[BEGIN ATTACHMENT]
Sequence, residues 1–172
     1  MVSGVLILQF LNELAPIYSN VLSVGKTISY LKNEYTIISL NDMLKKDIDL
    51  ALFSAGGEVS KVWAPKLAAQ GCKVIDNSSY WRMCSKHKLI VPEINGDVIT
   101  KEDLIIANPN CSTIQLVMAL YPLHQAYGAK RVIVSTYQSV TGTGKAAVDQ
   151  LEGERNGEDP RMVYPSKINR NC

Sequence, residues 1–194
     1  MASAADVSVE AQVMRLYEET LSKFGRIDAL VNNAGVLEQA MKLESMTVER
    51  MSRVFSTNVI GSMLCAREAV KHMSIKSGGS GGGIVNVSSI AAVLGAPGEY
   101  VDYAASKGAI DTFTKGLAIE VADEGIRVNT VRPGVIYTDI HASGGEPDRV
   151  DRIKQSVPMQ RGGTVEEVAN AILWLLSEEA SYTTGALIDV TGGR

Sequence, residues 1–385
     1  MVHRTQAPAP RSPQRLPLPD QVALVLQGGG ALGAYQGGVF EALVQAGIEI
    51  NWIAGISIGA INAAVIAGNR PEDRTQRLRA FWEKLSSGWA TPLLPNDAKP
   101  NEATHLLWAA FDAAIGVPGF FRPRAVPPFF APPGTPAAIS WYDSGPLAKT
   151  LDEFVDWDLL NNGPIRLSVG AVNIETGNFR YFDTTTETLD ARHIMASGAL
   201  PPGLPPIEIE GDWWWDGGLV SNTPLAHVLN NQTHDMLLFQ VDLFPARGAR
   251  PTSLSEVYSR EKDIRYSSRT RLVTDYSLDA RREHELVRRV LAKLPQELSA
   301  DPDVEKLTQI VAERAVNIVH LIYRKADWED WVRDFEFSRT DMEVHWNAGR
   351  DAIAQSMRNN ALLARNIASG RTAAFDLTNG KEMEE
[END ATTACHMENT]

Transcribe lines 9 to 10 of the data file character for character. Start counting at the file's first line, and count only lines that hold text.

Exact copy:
   101  VDYAASKGAI DTFTKGLAIE VADEGIRVNT VRPGVIYTDI HASGGEPDRV
   151  DRIKQSVPMQ RGGTVEEVAN AILWLLSEEA SYTTGALIDV TGGR